posted on Oct, 12 2008 @ 11:54 PM
I honestly don't know where else to put this. Mods, if it's in the wrong category, please feel free to reposition it as appropriate thank you
Above ground burials -- that's the term for them, apparently
What they are are preserved corpses which are housed in 'buildings' (mausoleums).
They can be seen in many cemeteries. And now, according to a documentary I watched last week, they are being housed in multi-million dollar edifices
which are able to contain hundreds, even thousands of preserved corpses.
The documentary first showed family mausoleums in a nearby (and almost filled) large city cemetary. The camera panned across the elaborate bronze
doors, marble, colour photos under glass and religious statuettes of these substantial family 'houses of the dead'.
Then, the documentary explained that this large cemetery (one of, if not 'the' largest in the Southern Hemisphere) was now filled to overflowing.
In anticipation of this, apparently, the Roman Catholic church had constructed, at a cost of many millions of dollars, a massive and impressive
structure where people could .. for a sum .. inter their preserved loved-ones within the walls of the purpose-built structure.
The cost to inter one preserved corpse, including maintainance of the building, cleaning, air-conditioning, chapels, 'family rooms', gardens, etc.
was in the vicinity of $AU18,000. Some families placed down-payments on several adjoining spaces in the walls, so they and their children could be
buried there later, near other family members.
It's a beautiful building. The walls, halls and floors are all covered in peach coloured stone (marble?) . . in fact, it's similar to a five star
hotel, with its wide corridors, atriums, luxury appointments, soaring ceilings, etc.
But the purpose of this edifice is to house corpses .. dead people who've been chemically preserved.
Ashes to ashes ? Or chemically preserved ? Dust to dust ? Or waxen, fungus-sprouting preserved bodies kept in walls, inside magnificent rosewood
and mahogany coffins with brass or even gold-plated fittings and re-touched photos on the front ?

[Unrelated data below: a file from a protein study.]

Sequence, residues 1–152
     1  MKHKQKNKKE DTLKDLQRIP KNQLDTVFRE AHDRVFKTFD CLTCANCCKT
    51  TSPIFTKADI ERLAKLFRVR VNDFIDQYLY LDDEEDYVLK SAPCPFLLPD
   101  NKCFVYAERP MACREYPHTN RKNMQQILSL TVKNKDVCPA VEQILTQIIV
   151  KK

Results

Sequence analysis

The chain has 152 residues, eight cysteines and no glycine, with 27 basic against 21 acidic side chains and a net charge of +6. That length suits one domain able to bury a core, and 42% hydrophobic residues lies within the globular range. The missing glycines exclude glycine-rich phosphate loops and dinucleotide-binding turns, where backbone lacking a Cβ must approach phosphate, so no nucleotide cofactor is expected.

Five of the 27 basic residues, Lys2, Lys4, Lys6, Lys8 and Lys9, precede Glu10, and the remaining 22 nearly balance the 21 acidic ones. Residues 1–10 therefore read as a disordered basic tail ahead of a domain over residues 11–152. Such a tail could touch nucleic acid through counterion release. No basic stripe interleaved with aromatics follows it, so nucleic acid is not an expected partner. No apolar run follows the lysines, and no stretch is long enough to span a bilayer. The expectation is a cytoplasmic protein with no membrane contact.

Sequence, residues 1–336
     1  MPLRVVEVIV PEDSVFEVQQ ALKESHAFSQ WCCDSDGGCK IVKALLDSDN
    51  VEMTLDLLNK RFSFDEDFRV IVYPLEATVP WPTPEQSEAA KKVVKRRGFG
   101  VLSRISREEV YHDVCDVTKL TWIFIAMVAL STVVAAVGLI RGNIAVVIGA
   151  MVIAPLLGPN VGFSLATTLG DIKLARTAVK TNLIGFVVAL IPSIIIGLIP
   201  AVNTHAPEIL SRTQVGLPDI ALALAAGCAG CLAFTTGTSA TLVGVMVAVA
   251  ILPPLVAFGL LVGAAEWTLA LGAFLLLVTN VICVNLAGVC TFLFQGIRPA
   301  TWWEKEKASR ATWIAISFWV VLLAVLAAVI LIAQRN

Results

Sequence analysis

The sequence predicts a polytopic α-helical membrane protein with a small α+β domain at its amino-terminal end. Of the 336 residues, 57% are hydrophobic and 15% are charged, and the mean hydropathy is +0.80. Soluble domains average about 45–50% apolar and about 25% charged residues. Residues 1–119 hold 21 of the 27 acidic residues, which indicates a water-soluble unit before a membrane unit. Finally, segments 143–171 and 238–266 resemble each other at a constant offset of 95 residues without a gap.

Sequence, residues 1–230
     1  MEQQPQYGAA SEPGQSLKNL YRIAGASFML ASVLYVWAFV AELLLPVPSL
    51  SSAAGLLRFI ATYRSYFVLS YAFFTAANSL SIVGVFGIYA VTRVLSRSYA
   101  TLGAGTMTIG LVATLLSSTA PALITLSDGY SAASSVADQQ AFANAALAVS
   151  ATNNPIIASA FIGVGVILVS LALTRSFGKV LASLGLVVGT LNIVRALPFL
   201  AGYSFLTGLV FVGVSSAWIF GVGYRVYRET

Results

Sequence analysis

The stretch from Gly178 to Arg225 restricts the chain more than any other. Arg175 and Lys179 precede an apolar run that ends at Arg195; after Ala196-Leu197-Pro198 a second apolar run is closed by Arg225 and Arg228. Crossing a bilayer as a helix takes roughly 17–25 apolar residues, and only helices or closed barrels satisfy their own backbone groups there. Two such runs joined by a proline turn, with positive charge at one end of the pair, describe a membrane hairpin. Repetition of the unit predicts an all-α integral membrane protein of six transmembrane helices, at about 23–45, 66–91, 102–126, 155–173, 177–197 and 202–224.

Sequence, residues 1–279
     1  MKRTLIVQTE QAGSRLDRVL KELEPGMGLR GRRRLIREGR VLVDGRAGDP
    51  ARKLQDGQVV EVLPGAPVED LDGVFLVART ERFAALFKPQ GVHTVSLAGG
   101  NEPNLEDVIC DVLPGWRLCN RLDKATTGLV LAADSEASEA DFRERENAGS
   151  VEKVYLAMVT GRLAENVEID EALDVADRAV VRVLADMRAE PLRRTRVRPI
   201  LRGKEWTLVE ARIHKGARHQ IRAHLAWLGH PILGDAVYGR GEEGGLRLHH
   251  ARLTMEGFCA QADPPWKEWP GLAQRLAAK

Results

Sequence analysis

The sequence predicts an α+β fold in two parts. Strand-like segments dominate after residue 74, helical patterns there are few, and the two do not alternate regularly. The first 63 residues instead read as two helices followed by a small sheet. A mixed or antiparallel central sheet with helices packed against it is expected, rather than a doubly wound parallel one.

What are our bodies ? I regard them as 'clothing' we use to house our souls, personalities during our time on this planet/dimension.
They're flesh and blood 'clothing'. Oh sure, they're practical. They allow us to get around during our lifetimes. We use these flesh and blood
'clothes' to experience a great deal. And those experiences are of value to our souls and personalities, we're told.
But when our soul / life force quits our bodies .. what do our bodies become, other than our 'old clothes' so to speak. And when our soul/life
force quits our bodies, our bodies begin almost immediately to decompose. After a short while, that old 'clothing' is rotting like a piece of meat
.. which is what our bodies are.
What do we do with our old clothing when it's rotting, falling apart ? Yes, we dispose of it.
So why do some people refuse to do so ?
Why, instead, do they pay people to disembowel the corpses of their loved ones ? Their internal organs are removed, they're packed with cotton and
suffused with chemicals.
Why do some people refuse to relinquish their loved ones to Death ?
Why do they preserve corpses as if they were smoked hams ? And then put them in expensive marble 'houses' .. as if the corpses of their loved ones
had merely 'relocated' to houses in cemeteries .. as if their loved ones were still alive, or at least in a state of formaldahyde induced suspended
They're dead !
Their spirit has quit those bodies.
Those bodies are just meat that's been prevented from rotting away.
Isn't artificially preserving corpses a denial of Death /
Isn't it at least 'willful' ?
Isn't it a refusal to accept Death ?
Isn't it questionable ?
Particularly when the Roman Catholic church itself is very much party to this refusal on the part of the living, to relinquish the dead to Nature ..
and to God ?
Isn't it grotesque ? Walls filled with fungus spouting 'human hams' in expensive boxes stuffed inside expensive wall ?
Isn't it a very public form of denial of death and of the power of death to claim us all ?
The families 'visit' their human hams. They are provided a key to the door in the wall which conceals boxes containing their preserved family
members. They open the door and kiss the boxes containing their human hams. They feel good, apparently, knowing their long dead grandparents are
still grotesquely preserved inside that box.
' We still have you. We still own you. We still possess you.' they appear to be saying to the human hams.
Is it just another form of consumerism .. ' Preserve your human hams here and never have to say goodbye .. keep your dead with you and never
have to learn how to submit to a higher power ... beat Death itself ' ?